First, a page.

'Superbug' outbreaks thrust SNF residents into spotlight

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Researchers at Johns Hopkins Hospital recently set off warning sirens for long-term care providers when they announced that patients who were transferred from nursing homes and other long-term care facilities were many times more likely to carry "superbugs" than other hospital patients.


Nursing home transfers were 12 times more likely to carry antibiotic-resistant bacterium Acinetobacter, and 22 times more likely to carry the infection if the resident used a wheelchair or was largely bedridden.
As a result, the Baltimore hospital will soon begin testing transfers from nursing homes for Acinetobacter. Such transferring residents will be treated as potential carriers unless the tests are negative, Johns Hopkins officials said.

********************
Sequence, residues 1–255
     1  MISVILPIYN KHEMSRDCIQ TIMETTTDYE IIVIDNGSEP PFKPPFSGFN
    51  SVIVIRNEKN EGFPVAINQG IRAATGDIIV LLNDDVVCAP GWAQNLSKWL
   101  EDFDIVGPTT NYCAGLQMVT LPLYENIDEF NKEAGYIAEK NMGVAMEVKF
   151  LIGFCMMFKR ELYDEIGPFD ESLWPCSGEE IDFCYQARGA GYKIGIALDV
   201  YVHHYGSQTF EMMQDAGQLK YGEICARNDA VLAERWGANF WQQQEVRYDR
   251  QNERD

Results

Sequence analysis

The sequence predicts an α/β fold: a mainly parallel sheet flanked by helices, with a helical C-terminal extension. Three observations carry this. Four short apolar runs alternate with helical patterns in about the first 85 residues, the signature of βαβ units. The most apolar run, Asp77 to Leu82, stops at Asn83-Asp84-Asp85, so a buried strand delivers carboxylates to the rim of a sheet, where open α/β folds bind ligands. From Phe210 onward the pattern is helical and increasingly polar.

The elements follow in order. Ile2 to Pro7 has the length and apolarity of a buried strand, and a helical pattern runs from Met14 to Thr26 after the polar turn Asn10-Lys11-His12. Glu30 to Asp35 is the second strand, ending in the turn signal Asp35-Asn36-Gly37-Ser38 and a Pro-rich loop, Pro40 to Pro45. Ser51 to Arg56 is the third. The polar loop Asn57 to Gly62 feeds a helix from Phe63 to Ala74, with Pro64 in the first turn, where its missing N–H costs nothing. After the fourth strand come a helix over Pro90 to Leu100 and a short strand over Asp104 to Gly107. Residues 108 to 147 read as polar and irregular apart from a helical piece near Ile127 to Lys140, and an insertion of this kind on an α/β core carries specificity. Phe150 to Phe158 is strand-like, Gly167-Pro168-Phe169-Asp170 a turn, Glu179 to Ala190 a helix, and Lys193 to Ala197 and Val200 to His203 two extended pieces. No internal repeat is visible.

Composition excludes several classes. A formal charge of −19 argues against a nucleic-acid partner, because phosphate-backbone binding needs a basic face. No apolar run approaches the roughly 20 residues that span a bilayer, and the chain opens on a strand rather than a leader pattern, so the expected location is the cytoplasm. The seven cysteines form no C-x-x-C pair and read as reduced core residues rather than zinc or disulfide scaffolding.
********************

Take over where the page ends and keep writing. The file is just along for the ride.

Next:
Testing can isolate such individuals and allow safeguards to be tailored to high-risk patient populations in the community, according to Trish Perl, M.D., study author and hospital epidemiologist
In a related note, Illinois could soon become the first state to require hospitals to aggressively test for and control the spread of "superbugs" in hospital patients.
A bill now moving through the Illinois legislature would mandate that hospitals test for MRSA in all intensive care and "at-risk" patients. The category includes nursing home transfers. Also under the bill, hospitals would be required to take certain measures to prevent transmission of the potentially deadly germs. These include isolating patients with MRSA and adhering to strict hand-washing practices. Moreover, anyone entering the patients' room would have to wear a sterilized gown, gloves and masks.